Pacific Blacktip Reef Shark Pacific Blacktip Reef Shark
Blacktip Reef Shark

Scientific Classification

Common Name
blacktip reef shark
Genus Species
Carcharhinus melanopterus

Fast Facts

A moderately-sized, brownish shark with a blunt snout, horizontally oval eyes, and obvious black blotches on the first dorsal apex, lower caudal lobe and the tips of other fins. They lack an interdorsal ridge.

Blacktips have a light brown dorsal surface fading to a white ventral surface. Both the first dorsal fin and ventral caudal lobe exhibit a conspicuous black apical blotch. Generally less prominent black tips are found on other fins. Additionally, they typically have a conspicuous white band along either flank.
Male: External claspers located on the far underside of the body - forward of the caudal fin - distinguish males.
13 cm (7 ft) max
14 kg (30.9 lbs.) max
Small fish (i.e. mullet, groupers, theraponids, jacks, mojarras, slipjaws, wrasses, surgeonfish, sillinginids), mollusks (i.e. cuttlefish, squid, octopi), and crustaceans (i.e. shrimp and mantis shrimp)
Viviparous, with a yolk sac placenta; gestation period possibly 16 months, with birth season from late winter to early summer
Clutch Size: 2 to 4, usually 4
Sexual Maturity
91 to 96 cm (36 to 38 in) in total length
Life Span
No data
From the East coast of Africa and the Arabian Sea to Japanese, Taiwanese, and Chinese waters – encompassing the shallow, coastal waters of the tropical Indo-Pacific. The species' Mediterranean range seems to have been extended by sharks that transited the Suez Canal.
The blacktip is a common, wide ranging tropical Indo-Pacific shark species which prefers shallow, inshore habitats (i.e. coral reefs). They are often found within the intertidal zone –including reef flats with depths of 30 cm (1 ft) or less. Blacktips are also observed near vertical drop-offs and occasionally near offshore areas – to 75 meters (250 ft) in depth.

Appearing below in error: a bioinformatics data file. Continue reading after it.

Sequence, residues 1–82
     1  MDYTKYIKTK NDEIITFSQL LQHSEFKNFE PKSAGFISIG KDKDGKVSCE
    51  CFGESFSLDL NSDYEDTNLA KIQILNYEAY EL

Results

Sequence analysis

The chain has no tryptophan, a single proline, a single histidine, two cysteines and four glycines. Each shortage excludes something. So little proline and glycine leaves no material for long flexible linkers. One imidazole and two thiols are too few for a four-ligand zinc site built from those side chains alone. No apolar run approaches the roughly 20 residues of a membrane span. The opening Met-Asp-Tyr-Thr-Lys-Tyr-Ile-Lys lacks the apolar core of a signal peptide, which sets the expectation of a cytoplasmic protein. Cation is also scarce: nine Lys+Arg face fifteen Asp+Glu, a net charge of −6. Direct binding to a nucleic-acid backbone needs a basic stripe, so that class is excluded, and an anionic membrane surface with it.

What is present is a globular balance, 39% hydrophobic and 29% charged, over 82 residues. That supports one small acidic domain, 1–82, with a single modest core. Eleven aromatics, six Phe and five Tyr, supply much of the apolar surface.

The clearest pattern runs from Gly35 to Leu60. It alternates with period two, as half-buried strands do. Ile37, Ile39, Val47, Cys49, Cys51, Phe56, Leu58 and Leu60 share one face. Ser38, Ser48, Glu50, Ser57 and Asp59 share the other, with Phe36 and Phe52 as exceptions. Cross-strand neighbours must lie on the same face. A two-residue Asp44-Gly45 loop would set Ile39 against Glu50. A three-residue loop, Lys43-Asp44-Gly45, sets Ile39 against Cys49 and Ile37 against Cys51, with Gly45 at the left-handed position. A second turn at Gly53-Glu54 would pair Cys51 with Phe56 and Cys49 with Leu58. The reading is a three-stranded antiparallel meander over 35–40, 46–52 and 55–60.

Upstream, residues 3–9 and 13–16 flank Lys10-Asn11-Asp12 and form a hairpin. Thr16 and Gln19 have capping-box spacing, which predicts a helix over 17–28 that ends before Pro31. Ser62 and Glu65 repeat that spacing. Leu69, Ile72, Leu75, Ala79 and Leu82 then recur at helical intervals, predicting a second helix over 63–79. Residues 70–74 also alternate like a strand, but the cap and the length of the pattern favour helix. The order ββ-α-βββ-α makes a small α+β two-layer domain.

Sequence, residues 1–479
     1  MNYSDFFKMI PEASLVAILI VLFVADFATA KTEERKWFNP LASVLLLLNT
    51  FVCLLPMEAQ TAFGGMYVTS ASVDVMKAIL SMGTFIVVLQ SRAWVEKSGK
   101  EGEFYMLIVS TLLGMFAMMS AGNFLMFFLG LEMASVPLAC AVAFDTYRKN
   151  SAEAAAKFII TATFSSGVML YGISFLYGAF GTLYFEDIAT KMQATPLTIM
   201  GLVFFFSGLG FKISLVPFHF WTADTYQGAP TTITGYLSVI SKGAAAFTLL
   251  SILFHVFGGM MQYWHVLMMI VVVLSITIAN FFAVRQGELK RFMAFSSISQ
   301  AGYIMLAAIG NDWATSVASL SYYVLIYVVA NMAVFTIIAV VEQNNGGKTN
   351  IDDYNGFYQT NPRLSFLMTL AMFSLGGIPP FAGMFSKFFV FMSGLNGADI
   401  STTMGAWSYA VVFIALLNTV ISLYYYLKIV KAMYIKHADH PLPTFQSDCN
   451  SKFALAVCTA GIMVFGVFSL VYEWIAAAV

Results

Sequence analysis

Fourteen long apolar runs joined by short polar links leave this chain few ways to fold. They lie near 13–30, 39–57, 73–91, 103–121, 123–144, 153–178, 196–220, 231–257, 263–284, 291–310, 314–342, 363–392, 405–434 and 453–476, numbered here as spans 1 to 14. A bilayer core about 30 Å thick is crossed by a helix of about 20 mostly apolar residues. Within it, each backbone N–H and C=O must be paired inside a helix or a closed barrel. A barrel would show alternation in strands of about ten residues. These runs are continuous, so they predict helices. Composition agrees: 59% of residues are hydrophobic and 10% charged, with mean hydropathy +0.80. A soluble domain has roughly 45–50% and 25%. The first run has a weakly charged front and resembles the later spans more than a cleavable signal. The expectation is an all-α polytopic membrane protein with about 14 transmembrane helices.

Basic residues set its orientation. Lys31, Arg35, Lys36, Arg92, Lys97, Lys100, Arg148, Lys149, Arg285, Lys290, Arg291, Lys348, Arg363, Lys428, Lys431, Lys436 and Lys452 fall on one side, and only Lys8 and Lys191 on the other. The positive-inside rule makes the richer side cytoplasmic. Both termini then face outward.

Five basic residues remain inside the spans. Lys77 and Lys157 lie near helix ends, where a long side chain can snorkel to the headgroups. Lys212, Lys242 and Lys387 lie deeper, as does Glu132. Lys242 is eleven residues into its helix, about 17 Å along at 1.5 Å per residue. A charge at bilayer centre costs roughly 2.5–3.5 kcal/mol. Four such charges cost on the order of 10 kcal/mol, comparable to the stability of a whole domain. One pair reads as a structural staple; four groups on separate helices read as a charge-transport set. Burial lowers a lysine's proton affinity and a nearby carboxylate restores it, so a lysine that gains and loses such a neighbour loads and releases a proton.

Active and strong swimming, the blacktip is typically found near the bottom or at midwater if swimming in deeper water. While swimming in particularly shallow waters, their protruding dorsal fins are readily identified by observers. They are often seen swimming alone or in small groups – though they are not a rigidly schooling species.
Global: No data
IUCN: Lower Risk-Near Threatened
CITES: Not listed
USFWS: Not listed

Fun Facts

  1. The wriggling fins of blacktips are often seen moving across extremely shallow reef flats only inches deep.
  2. Blacktips have been reported entering brackish river mouths through Malaysia and Madagascar – where they have also been found in brackish lakes.
  3. This shark species is believed to penetrate into fresh water in Malaysia; however, its ability to tolerate fresh water over a specific time duration is unknown.
  4. Due to its smaller size, this species is not typically regarded as a danger to humans. Blacktips have, however, been known to be aggressive toward humans engaged in spear-fishing. Additionally, people wading in shallow water have suffered bites upon their feet and legs from this species. Both types of encounters likely result from a human incursion (intentional or no) into the predatory environments and behaviors of the blacktip.
  5. For more information about sharks & rays, explore the Sharks & Rays InfoBook.

Ecology and Conservation

The blacktip is one of the most common sharks found on reef sites throughout the Indo-Pacific region.

As a result of their typical residence within shallow waters, this species is rarely taken by the Australian gillnet fishery.

Blacktips are occasionally targeted for human consumption. During the wet season, Australian Aborigines will harvest blacktips and prepare them as buunhdhaarr - a dish in which the liver and flesh of the shark are boiled separately and then minced and mixed together for final consumption. Elsewhere, the flesh of blacktips are prepared fresh or dry-salted. Additionally, the shark's liver-oil is often harvested for various uses.

This species may be preyed upon by larger shark species and by large groupers.


Allen, Thomas B., The Shark Almanac. The Lyons Press, 1999.

Compagno, Leonard J.V., FAO Species Catalog, Vol. 4 Sharks of the World. United Nations Development Programme, Food and Agriculture Organization of the United Nations, Rome, 1984.

Last, P.R. and Stevens, J.D. Sharks and Rays of Australia. CSIRO Australia, 1994.